Just over one year ago, Terry Rozier was considered by many pundits to be the biggest reach of the 2015 NBA Draft. The No. 16 overall pick had limited opportunities during his rookie season to shed that reputation, averaging only 1.8 points per game while shooting a mere 27.4 percent from the field over 39 contests.
Celtics president of basketball operations Danny Ainge selected the Louisville product last June knowing full well Boston’s backcourt was already stocked with talented players in Isaiah Thomas, Avery Bradley, Marcus Smart and Evan Turner. Following an uneventful rookie season, it was unclear just when and how Rozier was going to get a chance to show what he could do in green.
Fortunately for Rozier, the backcourt logjam cleared up quickly this month in the wake of Turner signing a four-year $70 million deal with the Blazers. With the Celtics opting to spend their salary cap space on a frontcourt upgrade (Al Horford) instead of a veteran replacement for Turner, Ainge is betting on some of his younger internal options to steer the second unit next season.
After two weeks of summer league action in Utah and Las Vegas, Rozier is making Ainge’s gamble look wise. The 6-foot-2 speedster has regularly been the best player on the floor for either team during Boston’s seven summer league contests.
— Boston Celtics (@celtics) July 8, 2016
The 22-year-old has turned plenty of heads with his consistency, scoring double-digits in six straight games while captaining Boston’s offense. He’s shot an efficient 52 percent from the field and 43 percent from 3-point range, showing off dramatic gains with both his jumpshot and finishing ability.
“One of the things I said before training camp is that I’m smarter [now],” Rozier said in Las Vegas this week. “I felt like I could always play, but I just feel that my opportunity came late obviously in the playoffs [last season]. I got to see that see that as a rookie early and it made me smarter to just see things. Then, this summer I went over a lot of things and touched on things I could do as a point guard. I think I just became smarter more than anything.”
Rozier believes the playoffs reps he was given once Avery Bradley went down with a leg injury against Atlanta have been invaluable to his on-court progress.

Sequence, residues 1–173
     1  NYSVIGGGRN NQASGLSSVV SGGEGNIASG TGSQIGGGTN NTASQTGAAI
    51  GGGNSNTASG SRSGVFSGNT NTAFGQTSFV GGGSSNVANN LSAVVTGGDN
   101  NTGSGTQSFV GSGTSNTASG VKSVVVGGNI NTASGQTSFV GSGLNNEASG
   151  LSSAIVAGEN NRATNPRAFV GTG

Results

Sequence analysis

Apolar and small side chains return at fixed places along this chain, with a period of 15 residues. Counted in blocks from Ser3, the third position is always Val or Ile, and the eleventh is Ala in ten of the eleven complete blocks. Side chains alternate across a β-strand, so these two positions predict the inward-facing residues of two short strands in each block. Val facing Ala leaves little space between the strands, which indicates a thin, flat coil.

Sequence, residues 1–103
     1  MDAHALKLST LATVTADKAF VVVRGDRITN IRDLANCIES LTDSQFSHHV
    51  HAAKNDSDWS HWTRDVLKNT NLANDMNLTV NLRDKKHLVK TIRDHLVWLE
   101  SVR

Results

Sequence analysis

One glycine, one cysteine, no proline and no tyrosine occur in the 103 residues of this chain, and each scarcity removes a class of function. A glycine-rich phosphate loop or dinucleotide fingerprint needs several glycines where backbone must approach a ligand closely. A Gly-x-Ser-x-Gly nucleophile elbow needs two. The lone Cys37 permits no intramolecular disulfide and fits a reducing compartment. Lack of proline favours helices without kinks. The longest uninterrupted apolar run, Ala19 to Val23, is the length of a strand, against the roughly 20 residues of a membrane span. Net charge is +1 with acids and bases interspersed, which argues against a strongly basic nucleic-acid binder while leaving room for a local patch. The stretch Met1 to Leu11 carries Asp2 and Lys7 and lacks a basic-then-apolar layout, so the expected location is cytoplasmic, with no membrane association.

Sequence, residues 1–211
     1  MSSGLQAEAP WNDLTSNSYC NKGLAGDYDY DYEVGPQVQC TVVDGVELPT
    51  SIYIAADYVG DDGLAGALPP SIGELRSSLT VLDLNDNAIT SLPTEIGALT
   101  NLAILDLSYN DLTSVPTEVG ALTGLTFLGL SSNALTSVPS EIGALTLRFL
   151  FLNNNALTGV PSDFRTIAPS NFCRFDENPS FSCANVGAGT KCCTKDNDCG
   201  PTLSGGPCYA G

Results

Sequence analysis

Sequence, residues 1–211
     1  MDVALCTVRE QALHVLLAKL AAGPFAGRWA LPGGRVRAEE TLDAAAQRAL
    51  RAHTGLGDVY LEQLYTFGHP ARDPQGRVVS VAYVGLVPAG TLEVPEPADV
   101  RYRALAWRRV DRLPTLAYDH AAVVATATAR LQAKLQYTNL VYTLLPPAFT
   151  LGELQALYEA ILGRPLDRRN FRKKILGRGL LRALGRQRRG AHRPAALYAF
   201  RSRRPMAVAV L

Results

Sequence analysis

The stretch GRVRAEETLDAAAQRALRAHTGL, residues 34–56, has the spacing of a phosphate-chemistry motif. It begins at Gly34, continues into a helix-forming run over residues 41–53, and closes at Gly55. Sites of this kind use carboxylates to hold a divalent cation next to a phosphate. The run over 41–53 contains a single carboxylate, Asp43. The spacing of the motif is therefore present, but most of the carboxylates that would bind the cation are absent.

“A lot of rookies can’t say that [they played in postseason],” Rozier said. “Obviously, I played because of injuries, but just to be thrown in there as the next man means a lot. It just gave me the confidence that I can play at this level and I just want to keep it going.”
There’s a big difference between excelling in summer league and the regular season, but Rozier’s all-around play in July is just one of the reasons why he appears poised to replace Turner’s production. Much like the ex-Celtics swingman, Rozier has been a contributor in several components of the game, including rebounding (5.3 per game) and playmaking (3.5 assists per game) in summer league.
“I think that Terry Rozier has made a great case for himself for next year,” Ainge said on ESPN Wednesday night. “He’s been our best player from the first day of training camp this summer. He’s been terrific for us. He was a good player last year in training camp, just didn’t get a lot of opportunities because of our depth at guard. I think he’s winning a spot [in the rotation].”
Ultimately, a battle at training camp between Rozier and Smart is likely to determine which guard gets the primary ballhandling duties with the second unit after Turner’s exit. Still, it’s evident already that Rozier has separated himself from the young talent at the bottom of the Celtics’ depth chart. If the guard’s production carries over to the fall, Boston may not end up missing Turner very much after all.